Google is deleting its links to cache? Fear not, here’s what to do

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Goodbye to the Google cache. Initial rumors date back to the past few weeks, but now the official news is out: Google Search no longer shows links to web pages it has stored and will soon remove the caching feature altogether. It’s a change that marks the end of a feature that has been an integral part of users’ search experience for years and has also often been useful for debugging SEO problems. But don’t worry: there are still alternative ways to view cached copies of web pages, and SEOZoom is involved!

What is the Google cache

The Google cache is a feature that allows users to view an archived version of a web page as it appeared during the Google crawler’s previous visit. These backups, or snapshots, are available through a specific link placed next to the search result URL in classic SERP preview snippets, traditionally available under a small triangle or in a drop-down menu. Clicking on this link opens the version of the page saved the last time Google’s crawler visited it in the browser.

As Google’s crawlers explore and index the web, it regularly creates and updates these archives, thus providing a valuable resource for accessing content that may no longer be available on the original site.

In practice, it was (we have to get used to talking about it in the past tense!) a kind of digital time machine that allowed users to access earlier versions of a web page.

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Google’s cache feature was introduced as early as the first years after its 1998 debut and was one of many innovations that made the difference between Search and other search engines, highlighting Google’s focus on user experience and the quality of its search services.

To be sure, Google’s cache has quickly become a valued tool for both users and Web professionals because of its ability to provide access to information that might otherwise have been temporarily or permanently inaccessible.

What the cached copy is for

This feature was particularly useful in several circumstances: for example, caching offered the ability to retrieve desired information if a page was temporarily unreachable due to technical or server-side problems. Also, for SEO professionals, the cache was a valuable tool for analyzing the changes made to a page and better understanding how and when Google had last crawled the site.

In fact, Google’s cached copy was born in a different technological era, when many websites could have rather long down periods and server overloads were also more common: viewing a copy of the page previously saved by Google while scanning and indexing the web was often the only way to access the content of a temporarily down site.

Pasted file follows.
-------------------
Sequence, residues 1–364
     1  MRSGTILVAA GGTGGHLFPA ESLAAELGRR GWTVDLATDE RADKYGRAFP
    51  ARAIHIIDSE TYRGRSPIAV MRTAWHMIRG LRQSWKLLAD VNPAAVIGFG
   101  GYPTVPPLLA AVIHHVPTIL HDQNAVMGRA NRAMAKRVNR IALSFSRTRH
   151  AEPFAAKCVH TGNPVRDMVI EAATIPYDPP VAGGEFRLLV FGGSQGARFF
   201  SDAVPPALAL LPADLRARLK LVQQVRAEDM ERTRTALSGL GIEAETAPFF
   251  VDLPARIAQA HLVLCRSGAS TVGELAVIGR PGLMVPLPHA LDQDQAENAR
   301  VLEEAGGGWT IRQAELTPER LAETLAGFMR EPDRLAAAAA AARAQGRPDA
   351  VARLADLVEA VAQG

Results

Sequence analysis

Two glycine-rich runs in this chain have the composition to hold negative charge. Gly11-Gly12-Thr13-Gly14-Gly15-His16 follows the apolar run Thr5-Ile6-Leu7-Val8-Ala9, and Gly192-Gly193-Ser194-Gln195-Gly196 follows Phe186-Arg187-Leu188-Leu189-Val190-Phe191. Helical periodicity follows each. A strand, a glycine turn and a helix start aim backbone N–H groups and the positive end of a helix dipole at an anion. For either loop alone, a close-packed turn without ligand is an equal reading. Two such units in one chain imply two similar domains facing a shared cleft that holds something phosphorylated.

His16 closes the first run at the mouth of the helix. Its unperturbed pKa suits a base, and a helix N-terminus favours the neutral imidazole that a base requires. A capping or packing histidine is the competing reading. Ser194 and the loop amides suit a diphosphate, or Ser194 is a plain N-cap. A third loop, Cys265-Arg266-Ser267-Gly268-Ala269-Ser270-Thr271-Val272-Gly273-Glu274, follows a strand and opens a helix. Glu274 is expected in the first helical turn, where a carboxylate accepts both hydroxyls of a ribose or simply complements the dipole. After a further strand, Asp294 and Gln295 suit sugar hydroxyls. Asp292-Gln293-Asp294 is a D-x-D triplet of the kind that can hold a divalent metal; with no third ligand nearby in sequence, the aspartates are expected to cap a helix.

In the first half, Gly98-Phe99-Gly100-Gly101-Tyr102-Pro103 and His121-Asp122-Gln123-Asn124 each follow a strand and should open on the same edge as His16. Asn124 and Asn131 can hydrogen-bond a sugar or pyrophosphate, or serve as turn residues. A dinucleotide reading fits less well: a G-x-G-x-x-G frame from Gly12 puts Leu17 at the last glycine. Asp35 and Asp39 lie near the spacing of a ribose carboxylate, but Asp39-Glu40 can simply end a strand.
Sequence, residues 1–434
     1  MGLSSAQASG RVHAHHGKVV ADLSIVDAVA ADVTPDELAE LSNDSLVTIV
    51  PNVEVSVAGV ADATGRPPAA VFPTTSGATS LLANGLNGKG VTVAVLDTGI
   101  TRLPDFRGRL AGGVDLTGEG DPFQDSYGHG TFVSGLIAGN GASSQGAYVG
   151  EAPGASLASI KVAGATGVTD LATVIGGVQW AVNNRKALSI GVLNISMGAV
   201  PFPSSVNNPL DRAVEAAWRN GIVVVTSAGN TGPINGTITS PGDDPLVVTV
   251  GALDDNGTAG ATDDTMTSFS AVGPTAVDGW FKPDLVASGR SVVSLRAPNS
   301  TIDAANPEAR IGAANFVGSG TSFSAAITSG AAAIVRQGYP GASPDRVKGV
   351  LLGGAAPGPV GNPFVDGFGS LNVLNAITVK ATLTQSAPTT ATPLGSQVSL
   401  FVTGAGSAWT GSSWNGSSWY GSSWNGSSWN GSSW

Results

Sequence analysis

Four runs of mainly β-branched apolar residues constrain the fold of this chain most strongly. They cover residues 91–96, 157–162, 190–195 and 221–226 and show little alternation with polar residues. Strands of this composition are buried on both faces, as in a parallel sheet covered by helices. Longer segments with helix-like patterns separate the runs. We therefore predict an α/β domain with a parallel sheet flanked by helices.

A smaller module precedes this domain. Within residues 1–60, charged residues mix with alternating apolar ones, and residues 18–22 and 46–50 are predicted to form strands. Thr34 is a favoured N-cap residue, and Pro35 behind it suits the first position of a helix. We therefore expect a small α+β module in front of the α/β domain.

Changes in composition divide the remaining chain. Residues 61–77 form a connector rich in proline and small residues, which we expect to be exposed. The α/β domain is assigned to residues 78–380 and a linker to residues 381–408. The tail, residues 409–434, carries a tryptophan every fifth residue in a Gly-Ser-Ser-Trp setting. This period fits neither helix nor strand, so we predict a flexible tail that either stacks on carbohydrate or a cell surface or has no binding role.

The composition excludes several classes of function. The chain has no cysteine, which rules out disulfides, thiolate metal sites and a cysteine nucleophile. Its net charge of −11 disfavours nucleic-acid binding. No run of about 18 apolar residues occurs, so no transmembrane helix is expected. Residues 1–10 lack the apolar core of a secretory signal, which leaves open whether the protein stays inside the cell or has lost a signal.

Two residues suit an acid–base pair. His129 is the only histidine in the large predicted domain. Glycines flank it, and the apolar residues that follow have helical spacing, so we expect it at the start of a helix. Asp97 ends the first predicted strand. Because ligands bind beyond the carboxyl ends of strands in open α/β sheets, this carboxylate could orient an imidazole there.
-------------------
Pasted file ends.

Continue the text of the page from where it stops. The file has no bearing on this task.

How Google’s cache storage works

The Google cache was thus the result of a complex technical process involving Googlebot and Google’s other crawlers, the automated programs that scan the web to discover and analyze pages to add to Google’s index, which as we know is the database that algorithms draw on to provide search results.

When a Google crawler visited a web page, it not only analyzed its content and structure to understand what the page was about (the process known as crawling), but also created a copy of the page, which was then stored in Google’s servers, becoming a kind of “snapshot” of the page at the time it was visited by the crawler.

This snapshot is what was called Google’s “cache.”

The cache was available primarily for pages that had been indexed by Google, meaning that not all web pages ended up in the cache: only those pages that the crawlers had visited and deemed worthy of inclusion in Google’s index could have a version stored in the cache. In addition, some pages could be excluded from the cache for various reasons, such as.

  • Robots.txt directives. The robots.txt file provides instructions to crawlers on which pages should or should not be indexed or cached.
  • Metatag Noarchive. A specific robots meta tag in web pages that tells crawlers not to cache that page.
  • Technical problems. Sometimes, technical problems or errors may prevent crawlers from properly accessing or caching a page.
  • Dynamic content. Pages with highly dynamic or frequently changing content may not always be properly captured in the cache.
  • Legal issues. In some cases, Google may remove the cached version of a page as a result of legal issues or removal requests.

The strategic function of Google’s cache

When it was up and running, the Google cache was an extremely useful tool because it allowed the content of a page to be seen even if the original site was no longer available or if the page itself had been modified or removed from the web. This was invaluable both for users looking for information and for SEO professionals who wanted to analyze pages from the point of view of indexing and ranking in the results.

Thus, it was not just a simple repository of web pages, but a real strategic resource for both ordinary users and web professionals. For users, the cache was a tool for immediate access to content that, for various reasons, might not be temporarily available online, such as during down periods for maintenance or due to traffic overload.

For website owners, then, the cache acts as a lifesaver in downtime situations, allowing visitors to still access content and helping to maintain some continuity in the user experience, at least partially reducing the negative impact of any service interruptions.

In addition, Google’s cache has also been a useful diagnostic tool from an SEO and digital analytics perspective, allowing visitors to see the latest version of a page that Google has indexed and to understand what elements have been taken into account by the search engine, but also to make sure that the changes made had been recognized and indexed correctly.